Because the weather reports on Friday afternoon in Rome say that there will be light rain Saturday night, and light rain showers on Sunday morning.
And if there is rain, everything about this historic beatification, which is shutting down all auto traffic in the entire area around St. Peter’s Square starting on Saturday at one o’clock in the afternoon, will grow more complicated.
But hundreds of thousands of pilgrims who revered and loved Pope John Paul II and wish to be present at the moment of his beatification on Sunday morning are still expected to congregate in front of Piazza San Pietro throughout Saturday night, waiting patiently — even in the rain — until the entrances to the piazza open at 5:30 in the morning.
The Mass will begin at 10 am. Pope Benendict XVI is expected to arrive at 9:55 am.
At a final Vatican Press Conference regarding the beatification this morning, Father Federico Lombardi, S.J., told journalists that there are no official previsions for how many people will be present when the Mass begins.
Current published estimates say Roman authorities expect some 300,000 people, but whispered rumors are circulating that the number may be 500,000, or even 1 million.
If such numbers do choose to attend the beatification, in spite of possible rain, it will be a dramatic testimony to the power of the message and spiritual vision of Pope John Paul II, six years after his death on April 2, 2005.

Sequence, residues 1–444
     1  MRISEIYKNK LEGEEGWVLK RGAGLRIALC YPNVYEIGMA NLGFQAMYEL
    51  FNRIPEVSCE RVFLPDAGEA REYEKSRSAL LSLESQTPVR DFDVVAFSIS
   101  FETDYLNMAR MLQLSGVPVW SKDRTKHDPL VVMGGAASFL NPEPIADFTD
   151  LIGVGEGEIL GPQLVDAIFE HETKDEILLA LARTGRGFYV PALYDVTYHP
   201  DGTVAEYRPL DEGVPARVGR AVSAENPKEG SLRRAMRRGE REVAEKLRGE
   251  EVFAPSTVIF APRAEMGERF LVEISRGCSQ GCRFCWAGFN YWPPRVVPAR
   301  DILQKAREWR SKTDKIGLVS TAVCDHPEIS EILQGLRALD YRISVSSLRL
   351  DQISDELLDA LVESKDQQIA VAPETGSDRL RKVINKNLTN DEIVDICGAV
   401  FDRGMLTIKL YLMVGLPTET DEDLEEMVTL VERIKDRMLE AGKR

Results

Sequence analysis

The Vatican has accredited 2,300 journalists to cover this event: 1,300 from television stations, 700 from magazines and newspapers, 230 photographers, and 250 from radio stations. The total number of nations represented by these journalists: 101. This is the clearest, simplest indication that the beatification is a global event of global interest.
Journalists themselves are concerned that they will not be able to reach St. Peter’s Square. We are being told to come to the Press Office or a special section in the Square reserved for journalists between 4 and 5:30 am. After 5:30 am, officials say, we may not be able to make our way through the crowds which will circle St. Peter’s Square.
The past 10 days included memorable experiences on a pilgrimage with a small group, as I mentioned in my last email. We traveled from Assisi, home of St. Francis, to Norcia, where Father Cassian Folsom, O.S.B., is rebuilding an abandoned Benedictine monastery at the birthplace of St. Benedict, to Cascia, the home of St. Rita, patroness of impossible causes, to Rome, where we were able to attend to be near Pope Benedict as he celebrated the solemn Easter Vigil and joyful Easter Sunday Masses.
The beatification of Pope John Paul will bring this pilgrimage to a conclusion.
If the sun breaks through the clouds on Sunday morning, well, that will be a blessing for many on that special morning.